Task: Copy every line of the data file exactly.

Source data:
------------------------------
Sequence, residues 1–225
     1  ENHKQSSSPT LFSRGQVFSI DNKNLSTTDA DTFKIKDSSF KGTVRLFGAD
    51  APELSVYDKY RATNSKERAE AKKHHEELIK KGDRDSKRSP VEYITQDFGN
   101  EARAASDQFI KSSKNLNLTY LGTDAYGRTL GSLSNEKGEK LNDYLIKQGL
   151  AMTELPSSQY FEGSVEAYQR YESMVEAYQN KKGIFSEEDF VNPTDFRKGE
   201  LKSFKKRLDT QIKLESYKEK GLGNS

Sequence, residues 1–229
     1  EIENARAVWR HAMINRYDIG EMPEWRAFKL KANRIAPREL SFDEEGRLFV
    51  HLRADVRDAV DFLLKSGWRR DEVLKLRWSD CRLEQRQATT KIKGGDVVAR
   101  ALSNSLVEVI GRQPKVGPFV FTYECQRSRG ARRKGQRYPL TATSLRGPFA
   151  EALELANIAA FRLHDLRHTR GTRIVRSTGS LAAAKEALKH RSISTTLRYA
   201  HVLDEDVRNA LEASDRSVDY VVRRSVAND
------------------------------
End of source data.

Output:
Sequence, residues 1–225
     1  ENHKQSSSPT LFSRGQVFSI DNKNLSTTDA DTFKIKDSSF KGTVRLFGAD
    51  APELSVYDKY RATNSKERAE AKKHHEELIK KGDRDSKRSP VEYITQDFGN
   101  EARAASDQFI KSSKNLNLTY LGTDAYGRTL GSLSNEKGEK LNDYLIKQGL
   151  AMTELPSSQY FEGSVEAYQR YESMVEAYQN KKGIFSEEDF VNPTDFRKGE
   201  LKSFKKRLDT QIKLESYKEK GLGNS

Sequence, residues 1–229
     1  EIENARAVWR HAMINRYDIG EMPEWRAFKL KANRIAPREL SFDEEGRLFV
    51  HLRADVRDAV DFLLKSGWRR DEVLKLRWSD CRLEQRQATT KIKGGDVVAR
   101  ALSNSLVEVI GRQPKVGPFV FTYECQRSRG ARRKGQRYPL TATSLRGPFA
   151  EALELANIAA FRLHDLRHTR GTRIVRSTGS LAAAKEALKH RSISTTLRYA
   201  HVLDEDVRNA LEASDRSVDY VVRRSVAND